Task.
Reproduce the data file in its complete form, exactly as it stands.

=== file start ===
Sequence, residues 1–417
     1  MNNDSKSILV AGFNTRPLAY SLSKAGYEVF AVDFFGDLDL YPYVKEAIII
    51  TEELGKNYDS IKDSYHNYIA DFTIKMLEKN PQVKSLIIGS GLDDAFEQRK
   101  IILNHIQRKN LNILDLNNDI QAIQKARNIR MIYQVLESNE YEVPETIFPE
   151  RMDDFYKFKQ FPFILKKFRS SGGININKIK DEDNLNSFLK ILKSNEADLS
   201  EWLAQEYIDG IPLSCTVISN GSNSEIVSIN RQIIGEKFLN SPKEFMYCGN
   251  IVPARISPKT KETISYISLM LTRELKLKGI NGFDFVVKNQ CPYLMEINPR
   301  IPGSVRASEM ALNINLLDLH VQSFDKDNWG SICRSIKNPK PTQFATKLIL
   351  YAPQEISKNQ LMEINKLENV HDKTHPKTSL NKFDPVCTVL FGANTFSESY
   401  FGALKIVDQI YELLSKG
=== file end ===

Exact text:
Sequence, residues 1–417
     1  MNNDSKSILV AGFNTRPLAY SLSKAGYEVF AVDFFGDLDL YPYVKEAIII
    51  TEELGKNYDS IKDSYHNYIA DFTIKMLEKN PQVKSLIIGS GLDDAFEQRK
   101  IILNHIQRKN LNILDLNNDI QAIQKARNIR MIYQVLESNE YEVPETIFPE
   151  RMDDFYKFKQ FPFILKKFRS SGGININKIK DEDNLNSFLK ILKSNEADLS
   201  EWLAQEYIDG IPLSCTVISN GSNSEIVSIN RQIIGEKFLN SPKEFMYCGN
   251  IVPARISPKT KETISYISLM LTRELKLKGI NGFDFVVKNQ CPYLMEINPR
   301  IPGSVRASEM ALNINLLDLH VQSFDKDNWG SICRSIKNPK PTQFATKLIL
   351  YAPQEISKNQ LMEINKLENV HDKTHPKTSL NKFDPVCTVL FGANTFSESY
   401  FGALKIVDQI YELLSKG